Writing about food waste for The Atlantic back in 2014, Elizabeth Segran gestured at both the shoppers who refuse to buy imperfect-looking fruit as well as the grocers who refuse to stock the shelves with any wonky-looking wares. “Grocery stores routinely trash produce for being the wrong shape or containing minor blemishes,” Doug Rauch, the former president of the Trader Joe’s Company, told her.
But that assumes such produce even reaches the stores. Quoting workers and experts at a variety of vantage points in the food system, The Guardian’s Suzanne Goldenberg also reports that, “Vast quantities of fresh produce grown in the U.S. are left in the field to rot, fed to livestock or hauled directly from the field to landfill, because of unrealistic and unyielding cosmetic standards.”
“In my mind, the desire for perfect produce came about in the 1940s as housewives adapted to widespread refrigeration and new CPG [consumer packaged goods] products,” Eve Turow Paul, the author of A Taste of Generation Yum, writes in an email. “Suddenly, you could get a pineapple in Chicago in January. Wonderbread hit shelves a decade before. Perfection and manicured foods came to represent safety and new technology.”
It’s easy to see how this obsession might become amplified in an era of high foodie-ism and Instagram where a sort of heirloom airbrushing has taken hold. Writing in The Times in 2014, Pete Wells christened the extension of this phenomenon in restaurants as “camera cuisine,” where dishes are tailored for the patron as well as a “global club whose members, checking out their phones or laptops, constitute an invisible gallery in the dining room.”
Wells relays a story of being “shutter-shamed” after posting a picture of trout that did not meet a certain communal artistic benchmark. The retail version of this experience might be a farmer’s market where a bunch of ramps or sheaths of leeks would be shunted aside if they couldn’t pass muster on a Nancy Meyers set.
Paul pushes back against the idea that the anointed few seated at the head of the table might be oblivious to the cause of food waste. “Especially in the last year, ‘foodies’ and chefs have catapulted the issue of food waste into popular conversations,” she adds, naming initiatives by chefs and public intellectuals such as Dan Barber and Roy Choi as well as the pu pu platter of coverage of the issue in elite food magazines.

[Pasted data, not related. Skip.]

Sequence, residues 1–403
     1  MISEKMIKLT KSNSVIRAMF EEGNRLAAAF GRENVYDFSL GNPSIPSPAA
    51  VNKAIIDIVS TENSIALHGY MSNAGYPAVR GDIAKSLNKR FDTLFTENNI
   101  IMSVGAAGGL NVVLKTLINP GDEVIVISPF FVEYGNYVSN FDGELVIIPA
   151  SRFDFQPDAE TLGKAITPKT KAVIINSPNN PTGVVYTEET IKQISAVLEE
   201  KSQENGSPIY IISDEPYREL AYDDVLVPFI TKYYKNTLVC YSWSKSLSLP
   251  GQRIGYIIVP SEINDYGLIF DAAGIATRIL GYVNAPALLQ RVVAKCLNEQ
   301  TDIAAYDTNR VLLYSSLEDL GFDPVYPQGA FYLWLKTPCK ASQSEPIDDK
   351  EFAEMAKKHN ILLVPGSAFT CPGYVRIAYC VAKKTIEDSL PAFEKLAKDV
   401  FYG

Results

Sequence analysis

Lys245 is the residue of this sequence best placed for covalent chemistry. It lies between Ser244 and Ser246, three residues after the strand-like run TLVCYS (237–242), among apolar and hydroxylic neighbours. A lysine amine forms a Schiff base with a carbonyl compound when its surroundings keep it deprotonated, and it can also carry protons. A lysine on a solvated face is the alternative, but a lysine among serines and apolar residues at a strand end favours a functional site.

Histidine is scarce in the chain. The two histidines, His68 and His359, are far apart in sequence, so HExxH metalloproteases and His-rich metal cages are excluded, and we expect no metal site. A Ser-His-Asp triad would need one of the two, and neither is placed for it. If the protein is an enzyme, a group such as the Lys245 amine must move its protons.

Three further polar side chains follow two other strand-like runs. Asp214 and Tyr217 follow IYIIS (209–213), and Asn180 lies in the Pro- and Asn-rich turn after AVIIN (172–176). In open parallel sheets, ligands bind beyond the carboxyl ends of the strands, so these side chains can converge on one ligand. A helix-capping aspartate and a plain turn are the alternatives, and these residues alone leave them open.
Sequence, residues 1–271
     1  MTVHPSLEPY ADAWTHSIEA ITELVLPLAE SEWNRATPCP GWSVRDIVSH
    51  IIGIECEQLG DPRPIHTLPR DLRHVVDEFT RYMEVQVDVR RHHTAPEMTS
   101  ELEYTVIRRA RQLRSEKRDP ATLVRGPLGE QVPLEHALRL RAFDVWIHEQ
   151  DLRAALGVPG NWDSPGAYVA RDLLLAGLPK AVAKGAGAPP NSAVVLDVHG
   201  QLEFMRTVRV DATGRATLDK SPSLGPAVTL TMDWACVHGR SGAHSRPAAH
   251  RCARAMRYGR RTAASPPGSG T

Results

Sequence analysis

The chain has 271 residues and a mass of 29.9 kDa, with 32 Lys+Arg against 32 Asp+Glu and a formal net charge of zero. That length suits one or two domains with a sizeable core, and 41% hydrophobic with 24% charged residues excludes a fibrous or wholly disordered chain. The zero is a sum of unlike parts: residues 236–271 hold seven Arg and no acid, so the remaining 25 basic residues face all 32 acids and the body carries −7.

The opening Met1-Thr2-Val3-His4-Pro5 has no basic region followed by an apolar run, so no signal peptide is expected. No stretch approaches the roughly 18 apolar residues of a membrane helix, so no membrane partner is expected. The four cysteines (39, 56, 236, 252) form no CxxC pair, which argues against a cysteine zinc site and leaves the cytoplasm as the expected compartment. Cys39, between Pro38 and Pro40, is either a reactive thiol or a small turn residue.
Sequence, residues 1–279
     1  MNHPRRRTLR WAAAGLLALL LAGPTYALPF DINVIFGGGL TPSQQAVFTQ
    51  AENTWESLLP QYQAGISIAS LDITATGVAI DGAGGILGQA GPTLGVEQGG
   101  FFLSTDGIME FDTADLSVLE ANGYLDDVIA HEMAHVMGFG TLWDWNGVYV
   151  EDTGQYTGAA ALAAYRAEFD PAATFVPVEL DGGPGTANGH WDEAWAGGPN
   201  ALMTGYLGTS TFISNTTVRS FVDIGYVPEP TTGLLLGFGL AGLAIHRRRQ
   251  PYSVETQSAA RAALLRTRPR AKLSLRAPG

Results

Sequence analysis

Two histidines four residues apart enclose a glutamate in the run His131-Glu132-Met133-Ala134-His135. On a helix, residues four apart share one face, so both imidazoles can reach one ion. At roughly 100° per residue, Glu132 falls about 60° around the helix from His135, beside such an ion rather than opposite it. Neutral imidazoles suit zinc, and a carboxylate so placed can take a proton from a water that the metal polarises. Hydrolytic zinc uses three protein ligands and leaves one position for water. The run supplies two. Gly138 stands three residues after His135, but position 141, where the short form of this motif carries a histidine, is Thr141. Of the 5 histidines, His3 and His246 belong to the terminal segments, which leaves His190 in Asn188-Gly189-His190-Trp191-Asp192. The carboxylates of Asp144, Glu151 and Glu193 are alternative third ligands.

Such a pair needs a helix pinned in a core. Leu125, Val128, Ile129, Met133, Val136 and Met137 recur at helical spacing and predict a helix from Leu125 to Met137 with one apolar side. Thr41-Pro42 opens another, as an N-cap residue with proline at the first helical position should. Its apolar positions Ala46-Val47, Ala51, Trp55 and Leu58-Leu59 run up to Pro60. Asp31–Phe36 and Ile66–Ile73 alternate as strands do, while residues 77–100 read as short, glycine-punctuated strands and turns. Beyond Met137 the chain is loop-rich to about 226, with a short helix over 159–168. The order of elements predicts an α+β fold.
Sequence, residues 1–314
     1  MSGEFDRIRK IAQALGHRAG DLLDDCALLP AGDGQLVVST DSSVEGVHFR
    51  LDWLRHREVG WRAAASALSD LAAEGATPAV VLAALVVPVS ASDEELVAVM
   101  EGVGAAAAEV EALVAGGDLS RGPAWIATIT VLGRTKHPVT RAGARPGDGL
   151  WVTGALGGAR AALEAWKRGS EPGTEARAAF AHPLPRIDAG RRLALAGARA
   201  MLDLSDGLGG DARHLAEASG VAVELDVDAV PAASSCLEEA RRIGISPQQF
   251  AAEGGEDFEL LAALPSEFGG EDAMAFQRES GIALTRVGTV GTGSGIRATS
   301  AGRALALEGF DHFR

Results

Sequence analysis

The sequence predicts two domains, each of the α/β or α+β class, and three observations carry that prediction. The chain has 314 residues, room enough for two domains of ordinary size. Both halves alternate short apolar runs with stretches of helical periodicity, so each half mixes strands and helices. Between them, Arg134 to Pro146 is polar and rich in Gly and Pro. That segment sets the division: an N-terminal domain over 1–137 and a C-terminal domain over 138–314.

Last year, the Obama administration announced a public-private campaign to halve the more than two million calories that Americans waste annually by the year 2030 by focusing on improving food efficiency, recycling, decoding food labels, and finding ways to deliver food to the one-in-six Americans that are hungry. Meanwhile, start-ups like the Bay Area’s Imperfect Produce are starting to deliver ugly but otherwise consumable goods at a discount.
Elsewhere in the world, the tinkering between policy and public education is underway. France has banned supermarkets from throwing away food by directing them to compost or donate all expiring or unsold food. Germany is focusing on the issue in part by reforming expiration dates, which many argue are arbitrary and problematic.
The United States still may have the farthest to go, particularly on a cultural level. “My hope is that as food education proliferates, so will an appreciation for ugly fruits and veggies, biodiversity, local crops, and so much more, all of which can help mitigate food waste,” Paul adds. “Wouldn't it be neat if the power of Instagram was used to share recipes for carrot top pesto and food scrap stock? Or if we had easy-to-use apps for sharing extra produce with neighbors or food pantries? Both ideas I've already seen foodies fiddling with.”
Also from Morocco: Rose water, grains.
If you want the taste of a full leg of Spanish ham but can’t quite angle that hoof into your suitcase, pick up some offcuts of jamon instead. You can find the chewy, dark ham shards in little cones on Spanish market stalls.
Also from Spain: Anchovies (boquerones), sea salt, manzanilla sherry.
Also from Italy: Local ham, fresh pesto, grappa.
You can pick up great coffee pretty much across the globe, but we think this particularly potent rocket fuel deserves its moment in the spotlight. In line with tradition, serve it unfiltered.
Also from Turkey: Pomegranate molasses, spices.
Also from Greece: Feta, capers, olive oil.
Also from France: Regional cheese, wine, fleur de sel.
Make sure you treat yourself to our top 10 foodie things to try in Paris.
Many budget airlines don’t provide food, but you’re free to take on your own as sustenance. Be sure to check invidividual airlines for terms – for instance, Ryanair don’t allow any hot drinks on board – and remember that only liquids purchased after security will be allowed on board. Finally, try to avoid anything strong-smelling that may offend fellow passengers!
Do you always bring food back from holiday? We’d love to hear the weird and wonderful things you’ve nestled into your suitcase. If you’re still planning a getaway, visit our travel section for inspiration.